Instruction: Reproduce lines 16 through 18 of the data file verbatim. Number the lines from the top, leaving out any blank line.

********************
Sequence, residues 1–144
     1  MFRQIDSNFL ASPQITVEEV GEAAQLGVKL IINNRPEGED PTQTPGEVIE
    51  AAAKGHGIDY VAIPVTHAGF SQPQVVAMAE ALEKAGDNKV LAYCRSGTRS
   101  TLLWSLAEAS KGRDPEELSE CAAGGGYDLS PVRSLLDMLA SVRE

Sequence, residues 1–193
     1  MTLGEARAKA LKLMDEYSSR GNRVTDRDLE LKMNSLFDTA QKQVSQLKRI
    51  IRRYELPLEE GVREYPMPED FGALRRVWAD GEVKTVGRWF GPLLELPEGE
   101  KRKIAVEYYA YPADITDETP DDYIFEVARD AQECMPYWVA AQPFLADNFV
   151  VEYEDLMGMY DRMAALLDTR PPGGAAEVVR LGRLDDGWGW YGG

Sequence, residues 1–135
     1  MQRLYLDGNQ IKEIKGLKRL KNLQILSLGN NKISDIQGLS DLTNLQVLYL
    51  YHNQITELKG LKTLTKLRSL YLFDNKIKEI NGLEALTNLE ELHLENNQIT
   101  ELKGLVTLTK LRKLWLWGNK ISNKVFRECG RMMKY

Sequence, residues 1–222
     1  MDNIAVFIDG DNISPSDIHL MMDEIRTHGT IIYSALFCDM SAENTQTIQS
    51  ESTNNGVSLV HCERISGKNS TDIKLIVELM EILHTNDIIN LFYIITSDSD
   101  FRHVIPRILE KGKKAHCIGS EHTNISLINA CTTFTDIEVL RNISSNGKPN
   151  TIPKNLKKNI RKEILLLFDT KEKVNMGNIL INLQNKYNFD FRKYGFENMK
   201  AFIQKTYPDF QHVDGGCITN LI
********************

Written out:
    51  ESTNNGVSLV HCERISGKNS TDIKLIVELM EILHTNDIIN LFYIITSDSD
   101  FRHVIPRILE KGKKAHCIGS EHTNISLINA CTTFTDIEVL RNISSNGKPN
   151  TIPKNLKKNI RKEILLLFDT KEKVNMGNIL INLQNKYNFD FRKYGFENMK